The Formation of the Delhi Sultanate At the beginning of the eighth century, the Arabs who had invaded India from the north conquered Sind and established their rule there. Sind was set apart from the rest of the country but this did not affect developments in the rest of India. However from the beginning of the eleventh century onwards India became the arena of attacks by Moslem conquerors of Turk origin, who undertook these campaigns under the guise of a holy war against the infidels. The Indian kingdoms were involved in internecine struggle, and it was difficult for them to withstand these attacks, and gradually in the north of India a large state, ruled over by the Moslem conquerors, was established, which was to be known as the Delhi Sultanate. The emergence of this state, which was later to expand southwards as well, left its mark on the whole history of India. India was drawn into the sphere of the so-called Moslem world. The first invasion by the Turkish conquerors took place in the year 1001. Later the troops of Mahmud (998-1030), ruler of a state with its capital in Ghazni and incorporating the region then known as Khurasan, invaded the Punjab. Raja Jaipal, who sought to stem his advance, was defeated at Peshawar and committed suicide. After that Mahmud made regular winter incursions into India right up to 1026. He destroyed temples and plundered their rich treasures that had been gathered together by the rulers of the kingdoms over many generations; he collected indemnities from the population and would then depart with caravans of plundered wealth. Mahmud's incursions into Northern India spread over an enormous area ranging from Somnath (Kathiawar) in the west to Kanauj in the Ganges valley in the east. However the only region which he annexed to his own possessions and where he established his direct rule was the Punjab. During the reign of Mahmud's successors, a period of feuds and constant threat of danger from the Seljuks, the Ghaznavids' capital was transferred to Lahore. In the seventies of the twelfth century, the rulers of the small vassal state of Ghur took advantage of the feuds among the conquerors and captured Ghazni in 1173, and then in 1186 they also conquered the capital of their former overlord, namely 202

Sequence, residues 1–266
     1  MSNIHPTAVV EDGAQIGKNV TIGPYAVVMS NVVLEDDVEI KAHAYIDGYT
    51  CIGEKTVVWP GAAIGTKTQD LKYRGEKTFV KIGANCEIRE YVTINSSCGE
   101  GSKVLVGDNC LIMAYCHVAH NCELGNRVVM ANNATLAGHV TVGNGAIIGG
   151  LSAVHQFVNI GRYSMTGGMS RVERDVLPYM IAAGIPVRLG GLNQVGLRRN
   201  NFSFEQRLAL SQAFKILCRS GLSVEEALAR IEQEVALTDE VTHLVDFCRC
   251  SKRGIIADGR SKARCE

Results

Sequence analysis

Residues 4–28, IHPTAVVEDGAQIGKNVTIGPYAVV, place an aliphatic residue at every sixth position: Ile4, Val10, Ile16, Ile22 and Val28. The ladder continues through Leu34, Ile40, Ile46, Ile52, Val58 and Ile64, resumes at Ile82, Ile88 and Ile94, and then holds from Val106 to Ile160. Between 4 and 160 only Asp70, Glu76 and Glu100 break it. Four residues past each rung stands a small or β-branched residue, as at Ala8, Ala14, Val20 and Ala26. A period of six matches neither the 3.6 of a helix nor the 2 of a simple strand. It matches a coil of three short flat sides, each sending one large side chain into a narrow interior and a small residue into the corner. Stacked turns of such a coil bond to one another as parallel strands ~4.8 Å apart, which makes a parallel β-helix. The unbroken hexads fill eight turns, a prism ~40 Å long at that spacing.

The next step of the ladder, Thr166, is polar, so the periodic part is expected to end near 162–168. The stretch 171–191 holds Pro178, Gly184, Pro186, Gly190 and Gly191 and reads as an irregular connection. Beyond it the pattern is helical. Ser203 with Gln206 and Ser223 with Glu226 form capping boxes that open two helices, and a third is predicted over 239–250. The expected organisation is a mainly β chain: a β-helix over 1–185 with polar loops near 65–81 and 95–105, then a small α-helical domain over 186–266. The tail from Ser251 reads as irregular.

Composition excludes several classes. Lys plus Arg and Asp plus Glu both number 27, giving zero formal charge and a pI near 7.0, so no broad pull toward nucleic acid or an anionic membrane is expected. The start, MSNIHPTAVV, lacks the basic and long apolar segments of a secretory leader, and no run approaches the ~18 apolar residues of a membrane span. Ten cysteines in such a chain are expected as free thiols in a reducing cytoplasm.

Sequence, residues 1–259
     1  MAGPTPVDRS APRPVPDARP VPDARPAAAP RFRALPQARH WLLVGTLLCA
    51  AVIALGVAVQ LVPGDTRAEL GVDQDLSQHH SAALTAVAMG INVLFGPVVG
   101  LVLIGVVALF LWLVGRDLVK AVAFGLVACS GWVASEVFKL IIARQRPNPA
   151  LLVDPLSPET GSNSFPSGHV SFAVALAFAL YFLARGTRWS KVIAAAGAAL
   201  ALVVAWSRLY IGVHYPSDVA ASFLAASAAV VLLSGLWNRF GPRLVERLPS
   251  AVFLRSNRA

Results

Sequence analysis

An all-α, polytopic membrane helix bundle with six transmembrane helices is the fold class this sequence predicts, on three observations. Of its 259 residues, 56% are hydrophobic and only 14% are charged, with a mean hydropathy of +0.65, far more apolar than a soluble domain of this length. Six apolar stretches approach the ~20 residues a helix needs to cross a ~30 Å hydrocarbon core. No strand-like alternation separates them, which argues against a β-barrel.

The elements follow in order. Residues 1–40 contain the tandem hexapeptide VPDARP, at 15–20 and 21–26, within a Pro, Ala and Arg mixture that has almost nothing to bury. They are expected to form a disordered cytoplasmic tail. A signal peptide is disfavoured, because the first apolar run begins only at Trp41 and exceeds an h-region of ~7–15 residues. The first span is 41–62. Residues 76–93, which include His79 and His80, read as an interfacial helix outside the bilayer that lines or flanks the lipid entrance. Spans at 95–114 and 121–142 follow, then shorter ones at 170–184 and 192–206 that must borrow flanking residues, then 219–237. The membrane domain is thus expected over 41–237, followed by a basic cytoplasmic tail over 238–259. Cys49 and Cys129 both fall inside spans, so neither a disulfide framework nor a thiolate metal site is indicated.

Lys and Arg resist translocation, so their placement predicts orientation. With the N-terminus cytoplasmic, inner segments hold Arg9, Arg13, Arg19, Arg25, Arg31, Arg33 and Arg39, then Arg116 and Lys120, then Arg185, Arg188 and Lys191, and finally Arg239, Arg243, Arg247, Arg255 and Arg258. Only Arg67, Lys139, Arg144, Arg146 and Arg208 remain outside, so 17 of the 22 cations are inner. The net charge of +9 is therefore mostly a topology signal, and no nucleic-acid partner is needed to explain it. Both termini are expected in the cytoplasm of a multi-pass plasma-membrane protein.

Lahore. The brother of the ruler of Ghur, Muhammad Ghuri, first captured the Punjab and then began to advance further, deep into India. In 1191, during the battle of Tarain, he was defeated by Prithviraja, the Raj put ruler of Delhi and Ajmer, but the following year on the same field of battle he routed the army of the Rajput princes led by Prithviraja, thus opening up for himself the road to the Ganges. Soon he was in control of the whole Yamuna-Ganges valley. After Muhammad had been killed one of the Turkish slaves, the commander of the guard and governor of Northern India, Qutb-ud-din Aibak (1206-1210) pronounced himself independent sultan of the Ghuri possessions in India with his capital in Delhi. This was how the Delhi Sultanate came into being: after Aibak's death (he fell from his horse during a game of polo) another ruler came to power. He was from the Ghulams (slaves serving in the royal guard), Shams-ud-din Iltutmish. Since certain of his successors were also from the ranks of the slaves serving in the guard, the dynasty came to be known as the Ghulam dynasty.